Charles L. Rosen, MD, PhD
Neurosurgeon and Former WVU Professor

To play or not to play?. . a question more and more parents are asking. Not that long ago, little to no consideration was given to the risks of head injuries in children’s sports. The perception was that sports provided an opportunity for individual development, enhanced physical fitness, and even offered the possibility of a college scholarship and/or a career in professional sports. Not many people were concerned about having your bell “rung” a few times.

Now the media is awash with stories of professional athletes, college athletes, and now even high school athletes suffering from a repeated concussion, and even chronic traumatic encephalopathy. Athletes with head injuries suffer from the inability to concentrate, headaches, and sadly some have attempted or committed suicide. Other maladaptive and destructive behaviors have also been exhibited, including excessive drug and alcohol use.

As parents, how do we balance the benefits of athletics with the possibility of catastrophic and permanent issues from brain injury? If you are looking for a simple answer, I do not have one for you. However, as a parent and a neurosurgeon, I offer the following observations and advice.

First, we need to understand what “bell ringing” is. When someone strikes their head with sufficient force to have symptoms, we are talking about causing damage to the brain. The brain, unlike other tissues in the body, is somewhat limited in its ability to repair itself. Unlike muscle, which can develop greater strength when overtaxed, the brain does not become stronger after injury.  In addition, the best data suggests that patients have a differential susceptibility to brain injury. That is to say five concussions in one patient may have a completely different long-term effect on another patient.

So let’s stop using the word concussion. Call it what it is: traumatic brain injury.

Second, look at the statistics. According to CBS News, just 2 percent of high school athletes receive NCAA sports scholarships and 2 percent of college athletes go pro. Therefore, we must weigh the risks with the reality. The benefit of sports should be the benefit of participating in the sport itself.

We must also be attentive to the athletic environment. Unfortunately, I still see organized athletics that do not heed accepted norms regarding sitting out play after an injury. Fewer are teaching fundamentals that limit exposure of the athletes to head and spine injuries. I readily admit that it is vastly improved from 10 years ago. As a parent, get involved and educate yourself regarding these activities and risks. The first rule: injured players should not participate until they have fully recovered from their injury. The second rule: patient safety trumps the needs of the team and sport.

I have seen parents critique coaches and officials related to play time and “calls.” Let’s step up our game and intervene regarding the kids’ safety. I was at a youth soccer game when a child clearly was not playing normally after a collision. This was the game prior to the one my child was participating in, so I didn’t know any of the parents. I approached the referee and pointed out the issue. The child was benched. Sadly, the parents and the coach were mad at me for poking my nose in where they perceived it did not belong. Nonetheless, I stand by my actions. If my child was injured in a game and I was not there, I hope other parents would ensure the safety of the players when the organization failed in their responsibilities.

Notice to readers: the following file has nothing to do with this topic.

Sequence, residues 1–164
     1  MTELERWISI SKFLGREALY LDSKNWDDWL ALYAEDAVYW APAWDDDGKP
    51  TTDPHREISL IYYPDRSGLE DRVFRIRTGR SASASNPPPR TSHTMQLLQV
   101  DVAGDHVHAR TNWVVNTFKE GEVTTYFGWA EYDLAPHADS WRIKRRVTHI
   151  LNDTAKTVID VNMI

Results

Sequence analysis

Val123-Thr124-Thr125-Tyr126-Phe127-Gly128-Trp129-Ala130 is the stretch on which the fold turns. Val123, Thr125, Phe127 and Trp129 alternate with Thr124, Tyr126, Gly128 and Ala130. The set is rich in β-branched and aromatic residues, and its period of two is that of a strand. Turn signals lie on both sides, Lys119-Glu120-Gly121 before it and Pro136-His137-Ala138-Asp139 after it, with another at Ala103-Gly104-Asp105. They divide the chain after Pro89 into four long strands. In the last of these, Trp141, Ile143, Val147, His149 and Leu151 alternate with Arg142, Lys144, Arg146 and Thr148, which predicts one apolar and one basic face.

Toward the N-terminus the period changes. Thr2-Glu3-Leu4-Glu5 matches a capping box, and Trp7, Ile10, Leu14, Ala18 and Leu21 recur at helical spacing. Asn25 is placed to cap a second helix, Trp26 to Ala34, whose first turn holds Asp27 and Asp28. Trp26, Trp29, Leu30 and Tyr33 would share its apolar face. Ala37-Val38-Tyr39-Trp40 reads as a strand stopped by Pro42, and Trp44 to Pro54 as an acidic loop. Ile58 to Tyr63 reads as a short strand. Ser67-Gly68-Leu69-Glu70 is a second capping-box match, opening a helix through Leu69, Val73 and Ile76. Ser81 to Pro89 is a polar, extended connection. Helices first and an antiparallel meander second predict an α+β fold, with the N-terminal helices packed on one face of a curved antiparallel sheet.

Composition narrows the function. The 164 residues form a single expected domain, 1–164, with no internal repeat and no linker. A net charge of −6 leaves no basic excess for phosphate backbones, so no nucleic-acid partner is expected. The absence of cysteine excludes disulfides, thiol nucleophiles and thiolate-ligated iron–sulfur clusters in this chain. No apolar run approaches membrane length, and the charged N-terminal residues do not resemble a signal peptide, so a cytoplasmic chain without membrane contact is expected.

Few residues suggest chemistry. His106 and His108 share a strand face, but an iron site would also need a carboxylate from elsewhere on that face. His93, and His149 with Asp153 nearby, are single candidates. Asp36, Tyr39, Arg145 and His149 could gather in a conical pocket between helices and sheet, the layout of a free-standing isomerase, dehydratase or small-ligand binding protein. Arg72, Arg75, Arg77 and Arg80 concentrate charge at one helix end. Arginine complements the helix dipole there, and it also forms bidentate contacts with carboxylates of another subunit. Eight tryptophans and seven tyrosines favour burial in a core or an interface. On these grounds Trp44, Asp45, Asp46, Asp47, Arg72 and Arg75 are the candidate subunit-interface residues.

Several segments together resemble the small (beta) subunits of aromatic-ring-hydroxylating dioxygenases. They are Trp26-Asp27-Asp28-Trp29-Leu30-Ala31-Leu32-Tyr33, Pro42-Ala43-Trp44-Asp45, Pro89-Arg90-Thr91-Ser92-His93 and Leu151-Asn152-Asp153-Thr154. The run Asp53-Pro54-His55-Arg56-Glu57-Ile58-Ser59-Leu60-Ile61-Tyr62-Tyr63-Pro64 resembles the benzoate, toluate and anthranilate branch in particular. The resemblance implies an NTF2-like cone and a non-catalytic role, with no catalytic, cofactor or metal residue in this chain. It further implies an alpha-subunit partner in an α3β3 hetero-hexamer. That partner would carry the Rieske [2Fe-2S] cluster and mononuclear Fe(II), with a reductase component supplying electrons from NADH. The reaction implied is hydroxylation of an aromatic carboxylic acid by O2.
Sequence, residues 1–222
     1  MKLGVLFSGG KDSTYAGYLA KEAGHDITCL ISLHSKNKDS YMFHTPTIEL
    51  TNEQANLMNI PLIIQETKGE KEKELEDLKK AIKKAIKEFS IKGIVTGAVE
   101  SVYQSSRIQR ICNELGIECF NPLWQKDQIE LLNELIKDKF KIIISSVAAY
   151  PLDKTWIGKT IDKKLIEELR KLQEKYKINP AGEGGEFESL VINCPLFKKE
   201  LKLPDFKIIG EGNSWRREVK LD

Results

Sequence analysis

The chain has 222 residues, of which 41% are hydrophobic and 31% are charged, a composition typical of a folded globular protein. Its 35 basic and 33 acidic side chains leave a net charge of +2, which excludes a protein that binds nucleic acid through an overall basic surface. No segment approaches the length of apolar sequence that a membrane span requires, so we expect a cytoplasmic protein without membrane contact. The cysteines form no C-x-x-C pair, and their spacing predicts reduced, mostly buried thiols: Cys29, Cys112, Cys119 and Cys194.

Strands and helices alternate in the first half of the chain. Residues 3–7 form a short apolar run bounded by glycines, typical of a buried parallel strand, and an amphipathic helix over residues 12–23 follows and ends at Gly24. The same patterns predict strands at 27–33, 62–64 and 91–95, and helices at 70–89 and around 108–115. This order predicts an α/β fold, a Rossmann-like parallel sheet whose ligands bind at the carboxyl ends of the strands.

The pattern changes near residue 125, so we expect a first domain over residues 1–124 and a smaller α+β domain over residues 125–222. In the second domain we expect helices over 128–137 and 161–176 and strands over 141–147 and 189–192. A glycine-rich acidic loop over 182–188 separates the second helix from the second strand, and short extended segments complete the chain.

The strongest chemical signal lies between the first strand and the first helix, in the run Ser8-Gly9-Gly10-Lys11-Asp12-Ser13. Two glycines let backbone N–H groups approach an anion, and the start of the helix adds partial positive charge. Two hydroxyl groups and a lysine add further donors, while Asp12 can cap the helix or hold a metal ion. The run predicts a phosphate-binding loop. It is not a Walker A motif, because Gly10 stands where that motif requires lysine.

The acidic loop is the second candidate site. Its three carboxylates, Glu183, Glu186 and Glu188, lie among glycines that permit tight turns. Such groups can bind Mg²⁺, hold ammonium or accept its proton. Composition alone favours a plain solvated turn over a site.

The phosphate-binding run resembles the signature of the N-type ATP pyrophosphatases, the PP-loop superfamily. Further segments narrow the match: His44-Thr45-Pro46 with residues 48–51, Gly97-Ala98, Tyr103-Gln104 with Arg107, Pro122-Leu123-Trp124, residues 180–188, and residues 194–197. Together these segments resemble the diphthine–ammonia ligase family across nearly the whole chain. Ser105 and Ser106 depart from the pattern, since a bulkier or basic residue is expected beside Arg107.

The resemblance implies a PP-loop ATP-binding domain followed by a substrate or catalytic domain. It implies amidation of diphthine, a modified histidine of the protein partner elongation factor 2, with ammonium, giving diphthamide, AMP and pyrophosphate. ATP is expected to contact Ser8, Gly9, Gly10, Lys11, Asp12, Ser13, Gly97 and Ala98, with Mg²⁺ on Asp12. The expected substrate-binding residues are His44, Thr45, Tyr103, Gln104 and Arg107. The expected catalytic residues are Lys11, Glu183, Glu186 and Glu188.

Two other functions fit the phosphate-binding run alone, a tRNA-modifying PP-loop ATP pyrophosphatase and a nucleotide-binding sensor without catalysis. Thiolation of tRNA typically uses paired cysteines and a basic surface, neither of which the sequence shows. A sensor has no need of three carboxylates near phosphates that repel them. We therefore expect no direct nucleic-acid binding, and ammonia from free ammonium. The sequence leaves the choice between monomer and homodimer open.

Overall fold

Until we know who is at risk of multiple concussions and who is genetically resistant, I think we need to do everything in our power to protect our children from unnecessary traumatic brain injury.  

Please note, the information provided throughout this site is not intended or implied to be a substitute for professional medical advice, diagnosis or treatment. All content, including text, graphics, images, and video, on or available through this website is for general information purposes only. If you are experiencing relating symptoms, please visit your doctor or call 9-1-1 in an emergency.

Meet Dr. Rosen

Dr. Rosen most recently served as Department Chair of Neurological Surgery at West Virginia University (WVU) School of Medicine from 2012 through 2017, following his 2011 appointment as Interim Department Chair.

He joined the faculty at WVU in 2001 and held various positions in the WVU Department of Neurosurgery, including vice chair, director of research and the neurosurgical research laboratories, and director of cranial base surgery.

He was professor of Neurosurgery and Program Director for Residency in Neurological Surgery in the WVU Department of Neurosurgery at WVU School of Medicine, among other academic and clinical roles.

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Please note, the information provided throughout this site is not intended or implied to be a substitute for professional medical advice, diagnosis or treatment. All content, including text, graphics, images, and video, on or available through this website is for general information purposes only. If you are experiencing relating symptoms, please visit your doctor or call 9-1-1 in an emergency.